However, if you want to understand some aspects of animal behaviour, you might consider hanging out with those who do shoot to eat. They see and track a great deal. 

Over a week ago, in the midst of the outrageous hot spell (mid to high 30s), I posted a picture of a Steller’s Jay supposedly complaining about the temperature. Karen Pidcock then asked: “How do you think the wild creatures are holding up in this heat?” I didn’t know. 

An internet search revealed that those who shoot to eat believe that deer hide in the shade rather than move about when the temperature is high. Indeed, I saw none during that hot spell. Yet now, with temperatures in the mid 20s, I saw three deer, and a more secretive male was seen twice. So, it seems, the deer are moving again.

A male white-tailed deer looks at me over his shoulder. As his antler development seems a bit late for July, he is probably a (first year) spike deer. 

 

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Round-leaf Orchid

 

Karen Pidcock guided me to a group of these orchids high on a mossy bank above the Kaslo river. I believe they are large round-leaf rein orchids, Platanthera orbiculata. (The small round leaf orchid is a different plant.) This is the the eighth local wild orchid I have photographed. It is also the first orchid I have seen that is pollinated primarily by moths and sports a nectar spur.

This wild orchid was apparently named for the two large roundish leaves at the base of its stem. The flowers grow as a raceme. The other oblong leaves in this picture are queen’s cups.

This is a closeup of a few of the flowers on the raceme. The landing strip for polinators is the labellum, the long petal hanging from the front of the flower. The pollinia are the two orangish pods at the top of the flower. This is discussed in greater detail with the next illustration.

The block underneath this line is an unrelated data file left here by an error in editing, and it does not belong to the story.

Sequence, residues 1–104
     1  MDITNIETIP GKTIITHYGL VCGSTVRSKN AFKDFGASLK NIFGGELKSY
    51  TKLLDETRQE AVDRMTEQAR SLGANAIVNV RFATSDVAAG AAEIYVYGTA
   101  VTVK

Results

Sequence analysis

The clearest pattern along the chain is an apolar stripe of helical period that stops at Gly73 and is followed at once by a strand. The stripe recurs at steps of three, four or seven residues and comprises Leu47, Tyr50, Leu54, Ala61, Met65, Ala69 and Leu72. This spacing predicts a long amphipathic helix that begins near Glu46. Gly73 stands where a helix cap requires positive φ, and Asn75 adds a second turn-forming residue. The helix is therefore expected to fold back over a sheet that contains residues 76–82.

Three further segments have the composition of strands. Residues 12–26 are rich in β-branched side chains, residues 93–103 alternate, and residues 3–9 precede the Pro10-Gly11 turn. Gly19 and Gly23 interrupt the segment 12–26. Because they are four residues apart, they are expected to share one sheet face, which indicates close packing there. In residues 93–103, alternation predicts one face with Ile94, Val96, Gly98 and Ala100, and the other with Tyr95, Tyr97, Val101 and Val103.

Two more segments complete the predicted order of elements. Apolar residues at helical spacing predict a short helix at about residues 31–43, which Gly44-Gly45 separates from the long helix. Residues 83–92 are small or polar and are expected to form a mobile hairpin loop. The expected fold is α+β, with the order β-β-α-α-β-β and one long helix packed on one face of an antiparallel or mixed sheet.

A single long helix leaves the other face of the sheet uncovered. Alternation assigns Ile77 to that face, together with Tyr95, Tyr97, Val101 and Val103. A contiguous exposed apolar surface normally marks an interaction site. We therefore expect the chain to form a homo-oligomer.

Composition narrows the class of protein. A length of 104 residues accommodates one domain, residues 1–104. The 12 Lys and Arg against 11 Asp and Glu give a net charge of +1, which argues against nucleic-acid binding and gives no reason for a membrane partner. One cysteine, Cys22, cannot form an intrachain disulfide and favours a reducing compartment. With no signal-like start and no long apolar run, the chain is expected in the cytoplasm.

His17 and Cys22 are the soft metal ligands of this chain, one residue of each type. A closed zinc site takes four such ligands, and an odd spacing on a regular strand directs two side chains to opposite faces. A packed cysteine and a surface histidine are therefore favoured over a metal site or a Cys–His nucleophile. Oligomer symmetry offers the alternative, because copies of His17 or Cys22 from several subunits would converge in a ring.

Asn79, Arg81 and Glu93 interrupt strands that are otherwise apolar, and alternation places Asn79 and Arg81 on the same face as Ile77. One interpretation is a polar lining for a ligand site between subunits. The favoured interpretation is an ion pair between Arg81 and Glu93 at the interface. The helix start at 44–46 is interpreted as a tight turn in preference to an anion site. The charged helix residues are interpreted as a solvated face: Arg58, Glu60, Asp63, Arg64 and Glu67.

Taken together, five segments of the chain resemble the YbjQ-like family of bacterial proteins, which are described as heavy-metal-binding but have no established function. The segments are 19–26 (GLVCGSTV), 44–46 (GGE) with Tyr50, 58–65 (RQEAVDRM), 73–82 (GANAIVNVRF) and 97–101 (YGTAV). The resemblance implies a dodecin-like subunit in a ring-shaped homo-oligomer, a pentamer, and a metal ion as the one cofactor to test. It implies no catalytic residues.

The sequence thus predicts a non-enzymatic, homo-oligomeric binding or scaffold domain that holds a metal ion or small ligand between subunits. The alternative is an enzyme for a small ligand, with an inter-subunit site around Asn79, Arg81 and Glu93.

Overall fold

Below is a detail from the centre left of the above picture. This orchid seems to be largely pollinated by a couple of species of noctuid moths, presumably having been attracted by a scent the orchid emitted at night. The moth would approach the illustrated flower from the left landing on the labellum (the landing strip). The moth must extend its long tongue deep into the nectar spur, which is also long to force the moth to press its head against the pollinia, which are then attached to the moth’s compound eye. The moth then carries the pollen to another flower.

There is an evolutionary process here which gradually increases the length of both the moth’s tongue and the nectar spur. The moths with the longest tongues are favoured as they can reach the bottom of the spur and so receive the most nutrients. The flowers with the longest spurs are favoured as their reproductive organs optimally press against the moth which then increases their reproduction. So, each slowly gets longer and longer.

 

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June goulash

 

This is a selection of June images none of which had a posting of its own. While not exclusively birds, there is certainly a preponderance of them.

Two Bald Eagle chicks still in the nest are scrapping over a bit of food.

No summer month would be complete without a shot of a hunting osprey. Picture courtesy of Cynthia Fraser.

Hover flies (a.k.a. flower flies) often mimic bees and wasps to avoid being eaten by birds. 

The Eastern Kingbird is a flycatcher. Here it is chasing something in the air.

I had not seen a heron do this previously. It vigorously shook to toss off something.

Mommy Common Merganser paddled by with her three chicks.

A Cedar Waxwing flew to a new feeding location on a black hawthorn tree. 

I have seen rather few Common Yellowthroats this season, but here is one.

A Tree Swallow looks out of a nest box.

A western garter snake wanders through the grass. It uses its extended tongue to sniff its surroundings. It looks as if it has just discarded its old skin everywhere except on its head. Picture courtesy of Cynthia Fraser.

This is a fledged robin chick. It has a spotted breast and wings flecked with white.